Accomplished attorneys providing solid legal counsel and legal representation.

Beware of the possibility that jurors may be tweeting and blogging during trial–ignoring admonitions from the trial judge. One federal judge concludes posting tweets about the case during trial does not constitute talking about the case with others.

On Behalf of | Nov 23, 2014 | Firm News |

Many people cannot control their social media impulses and this is now becoming an issue during trials. Disregarding the court’s instructions that jurors are not to discuss the case with anyone during the trial, there are reports of jurors blogging about their day-to-day experience as the trial proceeds.

Now the latest in New York. In U.S. v. Feng Ling Liu, two lawyers were convicted in the Southern District of New York following a 19-day trial in an immigration scheme of submitting thousands of fraudulent asylum applications.

During trial, counsel for both sides received an anonymous email shortly after midnight on April 9 from someone claiming to be a reporter doing “doing research on juror misconduct.” It turned out Juror #10 was tweeting daily from March 20 to April 7, saying things like, “Add in just one song & dance number and this federal case would rival anything I’ve seen on broadway #jurydutyrocks” and “But for my ADD, I’d want to be an ADA. Thanks DAD.” Judge Abrams dismissed #10 and questioned the other jurors to ensure no one was talking about the case.

On April 14, the jury found the defendants guilty of a single count of conspiracy to commit immigration fraud.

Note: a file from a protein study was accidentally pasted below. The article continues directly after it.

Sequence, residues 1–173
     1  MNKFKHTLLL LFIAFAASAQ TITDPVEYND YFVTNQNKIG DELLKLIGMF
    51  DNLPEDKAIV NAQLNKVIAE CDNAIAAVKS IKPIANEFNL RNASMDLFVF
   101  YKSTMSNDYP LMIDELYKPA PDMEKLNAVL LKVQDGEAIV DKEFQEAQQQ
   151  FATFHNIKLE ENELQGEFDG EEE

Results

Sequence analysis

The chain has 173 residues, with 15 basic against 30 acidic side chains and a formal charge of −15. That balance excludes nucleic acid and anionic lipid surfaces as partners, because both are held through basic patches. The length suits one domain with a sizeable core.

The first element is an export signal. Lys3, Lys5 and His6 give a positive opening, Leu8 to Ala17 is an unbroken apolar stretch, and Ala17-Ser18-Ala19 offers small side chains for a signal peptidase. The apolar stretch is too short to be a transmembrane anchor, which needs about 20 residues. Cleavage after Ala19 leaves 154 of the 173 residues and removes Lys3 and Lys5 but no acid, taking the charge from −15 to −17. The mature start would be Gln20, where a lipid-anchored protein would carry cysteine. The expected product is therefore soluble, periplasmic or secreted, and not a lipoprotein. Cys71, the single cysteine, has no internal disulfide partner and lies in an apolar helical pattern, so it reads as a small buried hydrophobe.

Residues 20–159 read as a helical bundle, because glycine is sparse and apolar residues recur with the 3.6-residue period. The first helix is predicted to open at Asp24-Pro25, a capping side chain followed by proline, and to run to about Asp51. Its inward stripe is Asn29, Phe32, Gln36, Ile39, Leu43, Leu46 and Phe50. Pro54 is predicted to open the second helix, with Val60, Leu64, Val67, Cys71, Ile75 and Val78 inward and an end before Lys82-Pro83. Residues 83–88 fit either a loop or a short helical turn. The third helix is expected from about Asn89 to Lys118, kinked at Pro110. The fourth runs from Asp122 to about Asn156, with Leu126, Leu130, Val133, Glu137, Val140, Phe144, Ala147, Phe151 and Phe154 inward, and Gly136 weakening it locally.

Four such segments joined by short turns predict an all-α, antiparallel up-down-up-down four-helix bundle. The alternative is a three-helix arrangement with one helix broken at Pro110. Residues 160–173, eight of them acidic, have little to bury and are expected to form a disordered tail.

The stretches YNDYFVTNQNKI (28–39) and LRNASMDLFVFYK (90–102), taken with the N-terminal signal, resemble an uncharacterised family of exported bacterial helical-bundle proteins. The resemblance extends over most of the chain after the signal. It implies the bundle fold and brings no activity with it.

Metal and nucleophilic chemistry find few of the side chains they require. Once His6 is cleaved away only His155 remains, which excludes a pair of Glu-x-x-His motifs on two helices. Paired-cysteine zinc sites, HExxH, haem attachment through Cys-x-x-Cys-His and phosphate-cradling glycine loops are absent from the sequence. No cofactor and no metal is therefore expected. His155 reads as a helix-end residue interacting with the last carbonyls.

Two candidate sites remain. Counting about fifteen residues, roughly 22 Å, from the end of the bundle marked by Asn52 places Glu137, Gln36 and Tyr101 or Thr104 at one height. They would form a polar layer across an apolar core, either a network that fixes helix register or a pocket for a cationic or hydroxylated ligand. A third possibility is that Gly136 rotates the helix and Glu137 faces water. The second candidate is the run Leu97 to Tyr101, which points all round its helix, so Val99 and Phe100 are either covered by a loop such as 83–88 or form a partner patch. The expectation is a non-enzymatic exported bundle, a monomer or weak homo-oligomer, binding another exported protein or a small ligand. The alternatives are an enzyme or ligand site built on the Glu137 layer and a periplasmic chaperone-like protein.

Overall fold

A post-trial investigation revealed that Juror #2, Laura Curtis, had also been tweeting, leading to a motion for a new trial on September 5th. Curtis is a romantic suspense writer who began tweeting on the eve of opening statements. The recurring themes of her tweets were her frustration at sitting through a long trial and her hope that she might get some good story ideas out of the experience.

At one point, she negatively tweeted about the defendants: “these people prey on the fear and ignorance of applicants. It’s horrible.”

Judge Abrams denied the motion for a new trial, concluding that the defendants’ arguments that the tweets revealed a bias against them were “unpersuasive.” The Judge also rejected their argument that Curtis was untruthful when she, along with the other jurors, was asked individually by the Judge after the midnight email concerning Juror #10 whether she had communicated about the case on the internet or in social media.

In doing so, Judge Abrams said “Juror 2 was never asked specifically whether she had discussed the case with anyone on Twitter or other social media.” According to the Judge, Curtis was frank and said the only thing she talked with other people about was the fact she was sitting on a jury and “things like, oh, my God, I hope it’s over tomorrow and things like that.”

The Judge also said Curtis was honest in denying that she had talked about the case with others or her fellow jurors on social media. “As the government rightly observes . . . there is no evidence to suggest this answer was untrue because there is a relevant distinction between posting something and reading it.” (Really? Posting on the internet about the case does not constitute talking about the case with others?) “Juror 2’s impugned activities were entirely within the latter category and defendants have not claimed otherwise.”

Policing juror conduct in the internet age presents tremendous challenges that are just beginning to be felt by litigants and the courts…